Last week it ruled Mr Fedorcio should face a hearing for gross misconduct.
But the IPCC said his resignation meant this could not now take place.
Report to follow The IPCC said it planned to publish the findings of its report into the relationship between Mr Fedorcio and Mr Wallis "in the next few days".
It was revelations about a former senior News of the World journalist having such a role at Scotland Yard which prompted the force's then commissioner Sir Paul Stephenson to resign in July last year.
Mr Fedorcio had been on extended leave since August pending the investigation into his relationship with Mr Wallis, who was arrested on suspicion of phone hacking last year but has not been charged.
Mr Wallis's company, Chamy Media, was paid £24,000 by the Met for PR advice between October 2009 and September 2010.
Mr Fedorcio told the Leveson Inquiry earlier this month Mr Wallis was hired as a consultant because "he wanted someone he knew and trusted".
He said he had taken the decision to take on a consultant in 2009 while his deputy was on long-term sick leave.
IPCC deputy chairman Deborah Glass said: "I have today been notified that Dick Fedorcio, the Metropolitan Police Service director of public affairs, has resigned."
She said that in July 2011 the IPCC decided to investigate "the relationship between Mr Fedorcio and Neil Wallis, a former deputy editor at the News of the World, focusing on the circumstances under which a contract for senior level media advice and support was awarded to Mr Wallis' company, Chamy Media."
That investigation ended late last year and a report was handed to the Met's professional standards unit on 10 January.
Ms Glass said: "Our investigation found that Mr Fedorcio has a case to answer in relation to his procurement of the contract for Chamy Media. Last week the Metropolitan Police Service proposed to initiate proceedings for gross misconduct and I agreed with that proposal."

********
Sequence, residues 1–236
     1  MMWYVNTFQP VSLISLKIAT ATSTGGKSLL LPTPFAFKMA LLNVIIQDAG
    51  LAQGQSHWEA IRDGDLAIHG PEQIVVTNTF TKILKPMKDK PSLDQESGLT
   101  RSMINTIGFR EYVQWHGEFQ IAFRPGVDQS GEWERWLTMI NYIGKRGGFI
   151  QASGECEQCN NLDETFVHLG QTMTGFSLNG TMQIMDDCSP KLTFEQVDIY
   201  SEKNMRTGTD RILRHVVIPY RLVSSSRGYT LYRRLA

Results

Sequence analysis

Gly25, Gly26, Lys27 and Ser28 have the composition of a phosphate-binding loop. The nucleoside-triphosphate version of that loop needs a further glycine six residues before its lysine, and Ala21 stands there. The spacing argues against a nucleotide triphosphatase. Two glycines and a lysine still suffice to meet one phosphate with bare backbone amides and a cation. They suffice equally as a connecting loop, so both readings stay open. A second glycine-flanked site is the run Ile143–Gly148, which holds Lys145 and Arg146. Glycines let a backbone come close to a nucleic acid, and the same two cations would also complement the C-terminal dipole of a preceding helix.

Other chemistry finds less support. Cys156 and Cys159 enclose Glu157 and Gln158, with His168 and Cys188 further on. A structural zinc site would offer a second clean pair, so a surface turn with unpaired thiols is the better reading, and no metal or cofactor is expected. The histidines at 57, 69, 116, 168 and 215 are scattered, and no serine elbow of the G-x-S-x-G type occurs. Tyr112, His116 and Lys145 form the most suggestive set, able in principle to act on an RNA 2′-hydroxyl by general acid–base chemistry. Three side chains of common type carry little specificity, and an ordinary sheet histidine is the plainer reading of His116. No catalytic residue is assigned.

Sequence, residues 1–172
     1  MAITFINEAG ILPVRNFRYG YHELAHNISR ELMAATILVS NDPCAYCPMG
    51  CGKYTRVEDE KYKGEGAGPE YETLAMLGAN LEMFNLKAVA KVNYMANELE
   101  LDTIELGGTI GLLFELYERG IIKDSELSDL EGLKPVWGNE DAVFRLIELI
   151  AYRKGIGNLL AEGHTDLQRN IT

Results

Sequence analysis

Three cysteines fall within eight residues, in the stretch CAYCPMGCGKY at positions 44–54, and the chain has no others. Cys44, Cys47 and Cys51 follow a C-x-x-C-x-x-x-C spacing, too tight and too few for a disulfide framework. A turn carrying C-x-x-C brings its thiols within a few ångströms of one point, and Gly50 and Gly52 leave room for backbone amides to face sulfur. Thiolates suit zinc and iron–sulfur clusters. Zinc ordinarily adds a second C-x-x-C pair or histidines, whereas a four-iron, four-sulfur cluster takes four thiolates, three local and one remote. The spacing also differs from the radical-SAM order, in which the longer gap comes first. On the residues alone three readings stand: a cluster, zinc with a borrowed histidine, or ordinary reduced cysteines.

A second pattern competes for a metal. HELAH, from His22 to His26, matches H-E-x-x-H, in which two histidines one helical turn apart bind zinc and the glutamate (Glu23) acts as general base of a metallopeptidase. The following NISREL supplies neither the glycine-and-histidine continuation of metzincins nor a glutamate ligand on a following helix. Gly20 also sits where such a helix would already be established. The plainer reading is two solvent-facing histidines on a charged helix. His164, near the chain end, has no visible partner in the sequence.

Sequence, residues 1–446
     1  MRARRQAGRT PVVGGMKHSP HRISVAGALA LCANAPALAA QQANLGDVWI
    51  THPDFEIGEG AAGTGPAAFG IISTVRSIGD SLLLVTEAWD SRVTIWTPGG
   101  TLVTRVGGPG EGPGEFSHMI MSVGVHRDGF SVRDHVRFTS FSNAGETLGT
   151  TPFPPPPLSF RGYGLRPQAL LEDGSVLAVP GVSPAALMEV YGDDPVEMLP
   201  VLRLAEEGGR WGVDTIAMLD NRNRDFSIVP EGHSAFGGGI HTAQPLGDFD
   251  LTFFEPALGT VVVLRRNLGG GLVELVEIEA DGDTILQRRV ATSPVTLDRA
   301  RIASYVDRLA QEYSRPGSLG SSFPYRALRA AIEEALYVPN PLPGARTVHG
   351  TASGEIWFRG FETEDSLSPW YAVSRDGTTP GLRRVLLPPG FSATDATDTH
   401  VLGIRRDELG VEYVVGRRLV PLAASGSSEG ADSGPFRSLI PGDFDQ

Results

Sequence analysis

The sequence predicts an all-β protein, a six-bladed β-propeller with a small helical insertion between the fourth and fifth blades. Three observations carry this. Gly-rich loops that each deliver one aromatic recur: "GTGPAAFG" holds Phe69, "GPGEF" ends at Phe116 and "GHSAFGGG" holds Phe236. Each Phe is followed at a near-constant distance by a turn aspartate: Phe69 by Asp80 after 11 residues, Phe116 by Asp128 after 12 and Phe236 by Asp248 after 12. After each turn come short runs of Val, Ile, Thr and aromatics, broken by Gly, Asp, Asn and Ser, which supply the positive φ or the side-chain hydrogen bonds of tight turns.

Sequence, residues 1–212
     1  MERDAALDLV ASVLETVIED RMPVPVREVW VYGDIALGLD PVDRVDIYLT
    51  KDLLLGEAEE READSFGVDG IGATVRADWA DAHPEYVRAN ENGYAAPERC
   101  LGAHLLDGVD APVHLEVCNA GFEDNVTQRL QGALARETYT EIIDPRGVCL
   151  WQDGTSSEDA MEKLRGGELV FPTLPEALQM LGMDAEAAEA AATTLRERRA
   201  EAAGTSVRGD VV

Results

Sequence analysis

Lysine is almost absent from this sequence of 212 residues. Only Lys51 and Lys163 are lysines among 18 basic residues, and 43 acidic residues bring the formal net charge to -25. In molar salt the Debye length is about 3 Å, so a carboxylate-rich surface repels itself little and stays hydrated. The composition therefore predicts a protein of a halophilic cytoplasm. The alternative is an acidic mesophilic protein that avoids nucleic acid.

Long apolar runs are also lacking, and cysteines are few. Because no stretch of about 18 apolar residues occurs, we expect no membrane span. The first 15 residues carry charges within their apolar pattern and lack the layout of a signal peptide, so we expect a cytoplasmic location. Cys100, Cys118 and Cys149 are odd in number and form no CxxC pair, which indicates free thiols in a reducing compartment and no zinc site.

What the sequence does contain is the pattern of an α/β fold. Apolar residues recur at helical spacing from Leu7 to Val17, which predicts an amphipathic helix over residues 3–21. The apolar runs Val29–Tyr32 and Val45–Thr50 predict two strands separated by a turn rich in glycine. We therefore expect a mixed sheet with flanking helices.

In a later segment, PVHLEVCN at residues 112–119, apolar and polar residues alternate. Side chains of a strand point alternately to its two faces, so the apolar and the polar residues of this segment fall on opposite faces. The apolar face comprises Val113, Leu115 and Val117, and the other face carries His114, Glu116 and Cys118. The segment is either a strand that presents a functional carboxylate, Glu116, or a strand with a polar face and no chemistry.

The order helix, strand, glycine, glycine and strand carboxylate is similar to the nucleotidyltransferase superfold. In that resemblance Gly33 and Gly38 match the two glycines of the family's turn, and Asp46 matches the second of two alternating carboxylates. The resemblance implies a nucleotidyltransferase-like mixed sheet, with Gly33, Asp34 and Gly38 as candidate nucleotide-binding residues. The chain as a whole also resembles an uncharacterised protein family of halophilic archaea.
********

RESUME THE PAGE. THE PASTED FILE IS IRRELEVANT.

But Mr Fedorcio's resignation means he cannot now face internal disciplinary proceedings.
Ms Glass said: "In light of Mr Fedorcio's resignation today, those proceedings cannot now take place and I propose to publish our investigation report detailing our findings, in the next few days."
Moving on The BBC's home affairs correspondent Tom Symonds said it was not yet clear if Mr Fedorcio had been offered some sort of severance package but he said it was a sign that Scotland Yard wanted to move on from the hacking scandal.
Mr Fedorcio told the Leveson Inquiry he had put the PR contract out to tender, asked two other firms to bid but ended up hiring Mr Wallis' firm.
He told Lord Leveson the bids from rival PR firms Bell Pottinger and Hanover were 50% more expensive than Chamy Media but he denied he knew that would be the case from the outset.
The Met confirmed Mr Fedorcio would be leaving his post as director of public affairs on 31 March after 14 years in the job.
"During that period he has made a very significant contribution to the work of the MPS," they said.
In July last year, MPs on the home affairs committee criticised Mr Fedorcio for failing to conduct proper checks on Mr Wallis before hiring him.
Mr Fedorcio told the Leveson Inquiry he asked Assistant Commissioner John Yates, who had conducted the initial phone hacking inquiry, what he thought about hiring Mr Wallis.
He told Lord Leveson he wanted to know of any potential risks to the organisation if Mr Wallis was engaged by the MPS in view of the phone hacking case.
Asked by the inquiry whether he would have taken on Mr Wallis if he knew he and Mr Yates were such close friends, he said he might have thought the hiring "inappropriate".
Mr Yates has told the inquiry he was "good friends" with Mr Wallis - they had had dinners together and attended a football match together.